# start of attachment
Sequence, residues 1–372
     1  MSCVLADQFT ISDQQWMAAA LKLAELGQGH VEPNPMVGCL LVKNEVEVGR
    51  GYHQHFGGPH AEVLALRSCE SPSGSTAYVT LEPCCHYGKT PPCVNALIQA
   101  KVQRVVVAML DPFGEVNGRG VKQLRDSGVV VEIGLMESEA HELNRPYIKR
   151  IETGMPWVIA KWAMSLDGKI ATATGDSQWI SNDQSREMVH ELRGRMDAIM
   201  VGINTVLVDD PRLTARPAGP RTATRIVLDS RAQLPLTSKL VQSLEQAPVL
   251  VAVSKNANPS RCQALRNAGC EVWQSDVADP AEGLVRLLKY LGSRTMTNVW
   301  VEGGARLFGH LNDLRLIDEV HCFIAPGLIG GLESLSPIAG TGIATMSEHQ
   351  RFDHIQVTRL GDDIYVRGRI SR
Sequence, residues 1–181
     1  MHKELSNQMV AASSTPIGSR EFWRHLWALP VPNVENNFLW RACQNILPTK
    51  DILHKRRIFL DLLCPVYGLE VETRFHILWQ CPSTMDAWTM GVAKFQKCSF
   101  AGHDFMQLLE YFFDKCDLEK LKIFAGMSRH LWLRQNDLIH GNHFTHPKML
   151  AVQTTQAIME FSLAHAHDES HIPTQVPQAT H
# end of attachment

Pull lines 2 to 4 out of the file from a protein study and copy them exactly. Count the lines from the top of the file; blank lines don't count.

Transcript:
     1  MSCVLADQFT ISDQQWMAAA LKLAELGQGH VEPNPMVGCL LVKNEVEVGR
    51  GYHQHFGGPH AEVLALRSCE SPSGSTAYVT LEPCCHYGKT PPCVNALIQA
   101  KVQRVVVAML DPFGEVNGRG VKQLRDSGVV VEIGLMESEA HELNRPYIKR